When your period decides to come and go as it pleases it can be frustrating! And it can also be scary when you are sexually active and trying to avoid pregnancy.
The medical term for one or more missed periods is called amenorrhea. Amenorrhea can be diagnosed in a menstruating female if she has missed at least 3 periods in a row.
While the most common reason for not getting your period is pregnancy, there are many others reasons that are relatively common in women of all ages! These include changes in lifestyle, side effects of medication, and problems with the reproductive organs or hormone levels. To avoid unnecessary anxiety when your period is late or absent, think about if any of these situations apply to you.
Here are some of the most common reasons why females have fluctuations in their menstrual cycle besides for pregnancy. Read them and see if you learn anything new!
1. Stress. Stress can temporarily alter hormone levels that regulate the menstrual cycle. Therefore, when you have high stress levels ovulation and menstruation may temporarily stop. Your period should go back to normal after your stress dissipates.
2. Weight loss. Very low body weight disrupts various hormonal functions in your body, and often results in temporary loss of menstruation.
3. Increased exercise. When your body undergoes intense exercise, low body fat, high energy expenditure, and stress can occur. This can result in a disrupted menstrual cycle. This is often seen in females who participate in sports that require intense training, such as ballet, gymnastics and long-distance running.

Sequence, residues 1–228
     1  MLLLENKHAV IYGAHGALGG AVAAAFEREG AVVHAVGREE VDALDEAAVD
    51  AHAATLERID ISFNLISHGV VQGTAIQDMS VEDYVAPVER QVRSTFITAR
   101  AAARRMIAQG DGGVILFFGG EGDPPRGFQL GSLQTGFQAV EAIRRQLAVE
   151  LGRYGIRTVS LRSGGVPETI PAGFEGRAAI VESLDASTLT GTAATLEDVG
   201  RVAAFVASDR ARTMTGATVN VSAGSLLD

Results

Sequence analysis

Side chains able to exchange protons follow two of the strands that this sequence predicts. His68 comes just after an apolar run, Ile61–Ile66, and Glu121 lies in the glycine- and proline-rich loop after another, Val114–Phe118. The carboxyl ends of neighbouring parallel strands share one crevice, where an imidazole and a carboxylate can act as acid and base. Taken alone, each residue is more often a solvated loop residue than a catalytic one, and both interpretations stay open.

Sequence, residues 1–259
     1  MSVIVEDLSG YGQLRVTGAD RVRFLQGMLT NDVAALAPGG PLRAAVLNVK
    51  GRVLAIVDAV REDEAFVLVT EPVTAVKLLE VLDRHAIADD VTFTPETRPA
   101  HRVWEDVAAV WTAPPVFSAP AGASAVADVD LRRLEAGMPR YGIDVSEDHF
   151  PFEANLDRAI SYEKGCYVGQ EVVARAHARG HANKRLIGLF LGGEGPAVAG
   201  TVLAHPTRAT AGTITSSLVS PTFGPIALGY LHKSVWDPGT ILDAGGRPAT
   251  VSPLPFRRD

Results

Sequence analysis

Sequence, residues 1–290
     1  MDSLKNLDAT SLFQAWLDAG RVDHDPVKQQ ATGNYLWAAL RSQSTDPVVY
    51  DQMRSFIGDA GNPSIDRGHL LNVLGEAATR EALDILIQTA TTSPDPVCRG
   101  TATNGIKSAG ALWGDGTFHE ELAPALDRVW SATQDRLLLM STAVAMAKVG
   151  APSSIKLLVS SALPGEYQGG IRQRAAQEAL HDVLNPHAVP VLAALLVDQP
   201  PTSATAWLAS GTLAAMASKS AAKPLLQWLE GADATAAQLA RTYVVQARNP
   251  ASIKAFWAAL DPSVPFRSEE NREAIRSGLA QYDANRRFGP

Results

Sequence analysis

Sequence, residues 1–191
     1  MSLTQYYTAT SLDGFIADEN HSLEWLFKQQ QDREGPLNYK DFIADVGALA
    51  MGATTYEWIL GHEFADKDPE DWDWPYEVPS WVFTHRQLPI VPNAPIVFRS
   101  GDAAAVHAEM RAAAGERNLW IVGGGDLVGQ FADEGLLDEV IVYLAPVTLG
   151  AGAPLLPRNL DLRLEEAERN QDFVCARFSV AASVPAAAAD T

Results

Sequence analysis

4. Medication. There are several medications that may affect your menstrual cycle. Certain birth control medications as well as other contraceptives such as Depo (the shot), Implanon, and some IUDs may cause amenorrhea. These contraceptive methods affect your hormones and cause changes to your period. (Side note: when you stop taking birth control your period may stop for up to a few months as your hormone levels adjust!). Other commonly used medications that can alter your period include antipsycholtics, antidepressants, and blood pressure drugs. Take home message: it is always important to know about the side effects of the medications that you take!
5. Underlying disorders. Thyroid malfunction, pituitary tumor, and polycystic ovary syndrome (PCOS) are just three of some of the more common disorders that can have an affect on your menstrual cycle. While hormone levels in a normal menstrual cycle fluctuate, PCOS causes hormones levels to remain at a relatively high level, thus disrupting your cycle. An overactive (hyperthyroidism) or underactive (hypothyroidism) thyroid gland can also cause menstrual changes, due to inappropriate production levels of hormones. A pituitary tumor is an abnormal growth in your pituitary gland that can interfere with the hormonal regulation of menstruation, resulting in menstrual changes or amenorrhea. Your doctor can help you navigate through diagnosis and treatment for each of these disorders.
This is by no means a complete list of everything can can cause amenorrhea, but does include some of the most common reasons that people often forget about!! For more information about how your body regulates hormones or about other causes of amenorrhea make sure to ask a healthcare provider. Don’t be shy, that is what they are there for!